As 2005 runs through it's last few days, I realize that my gaming phase has wound itself out and is at an end. I no longer feel like I must
game. I can pick up my game and put it down at will. I can play for a bit of fun and relaxation, or not play if I have better things to do, which is most of the time. My self-esteem is no longer involved in anything that happens in my game or online, but rather it is firmly rooted in real life where it belongs.
I'm quite sure that what made the difference for me was getting out of the house and starting a new job. My job is menial and low skilled but luckily I work for a company whose values include treating their employees with respect and actively promoting self-esteem. My cynical side wants to discount outright a "corporate value" of promoting employee self-esteem, but I have to admit seeing it in action and in all fairness I have to admit that it works, even on me. I'm also sure that I would have reaped the same benefit from seeking out volunteer activities for an equal amount of hours each week, or returning to university to further my education.
I no longer compulsively check the OLGA website. I don't post much there anymore. I no longer feel like it's up to me to save the world from gaming addiction. My obsession with the problem of gaming addiction is fading, just as my addiction itself has faded. It's wonderful to know that even if I don't respond to all of those who cry out for help at OLGA, others will. There will always be someone there to help; that's just the kind of place it is. I've taken my turn; others will follow.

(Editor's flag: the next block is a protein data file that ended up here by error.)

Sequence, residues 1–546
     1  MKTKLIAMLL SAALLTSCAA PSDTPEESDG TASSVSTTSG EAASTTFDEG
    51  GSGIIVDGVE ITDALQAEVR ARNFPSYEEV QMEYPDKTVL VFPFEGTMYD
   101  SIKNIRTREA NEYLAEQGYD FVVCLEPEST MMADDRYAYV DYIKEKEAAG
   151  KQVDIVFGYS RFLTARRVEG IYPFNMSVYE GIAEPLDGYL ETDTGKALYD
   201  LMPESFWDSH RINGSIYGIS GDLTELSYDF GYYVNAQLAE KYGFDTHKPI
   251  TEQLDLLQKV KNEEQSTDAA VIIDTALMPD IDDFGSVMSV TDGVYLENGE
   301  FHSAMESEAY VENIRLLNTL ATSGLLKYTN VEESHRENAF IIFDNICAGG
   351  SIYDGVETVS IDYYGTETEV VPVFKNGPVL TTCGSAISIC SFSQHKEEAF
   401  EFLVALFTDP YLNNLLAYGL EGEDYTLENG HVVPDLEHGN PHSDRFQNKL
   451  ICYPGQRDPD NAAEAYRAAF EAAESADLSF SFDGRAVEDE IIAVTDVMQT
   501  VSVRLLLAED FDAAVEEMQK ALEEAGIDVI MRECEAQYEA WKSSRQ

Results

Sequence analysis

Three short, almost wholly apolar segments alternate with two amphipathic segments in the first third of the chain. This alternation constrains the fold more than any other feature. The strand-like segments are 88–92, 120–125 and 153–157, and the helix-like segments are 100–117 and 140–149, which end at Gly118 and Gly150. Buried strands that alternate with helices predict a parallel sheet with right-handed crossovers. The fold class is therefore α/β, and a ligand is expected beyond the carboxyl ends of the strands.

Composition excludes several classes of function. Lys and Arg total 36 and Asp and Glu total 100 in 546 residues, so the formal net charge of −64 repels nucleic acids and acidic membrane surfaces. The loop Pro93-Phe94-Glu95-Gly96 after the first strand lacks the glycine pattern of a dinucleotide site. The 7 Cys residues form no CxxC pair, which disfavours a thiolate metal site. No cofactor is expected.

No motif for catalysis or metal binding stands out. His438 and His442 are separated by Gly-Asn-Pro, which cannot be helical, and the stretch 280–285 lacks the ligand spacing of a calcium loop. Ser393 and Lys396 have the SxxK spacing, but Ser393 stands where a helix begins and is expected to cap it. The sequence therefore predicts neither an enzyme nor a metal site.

I started this blog to let people know that any MMORPG can be addicting. My addition was for Toontown, and I wanted to let people know that even though it's a game ostensibly made for kids, adults play it and adults get addicted to it. If you are an adult who is addicted, feel free to email me at firstname.lastname@example.org
. I will always write back, though it may take me a day or two.
To get over my addiction, I had to quit outright. I didn't even think about picking up my game again for several months, and then only after I had made significant changes in my life and done a considerable amount of work on my inner self. I don't play any other online games. The only 'offline' game I play is Dance Dance Revolution. I play with my kids and it's great exercise, as well as a fun way to spend time together. I wouldn't advise anyone to return to gaming until they've done all
the work necessary to understand what led them down the path to gaming addiction.
My slide into gaming addiction was caused by depression, anxiety, and resulting low self esteem. I wasn't aware of the extent that I was suffering from these problems until I quit gaming. Only after I left the game was I able to deal effectively with these issues. Online games are compelling and can be all-consuming. They squeeze out so much of real life that there's often not enough time or mental energy left to deal with real life problems. This leads to a downward spiral, and the only way back up is to leave the game, take a good look around, and fix what's broken in your real life.
The New Year is often a time for people to take stock and think about changes they'd like to make in their lives. If you are a gamer whose gaming is out of control, perhaps it's time to take your life back. Best wishes to all of you who've taken the time to read my ramblings.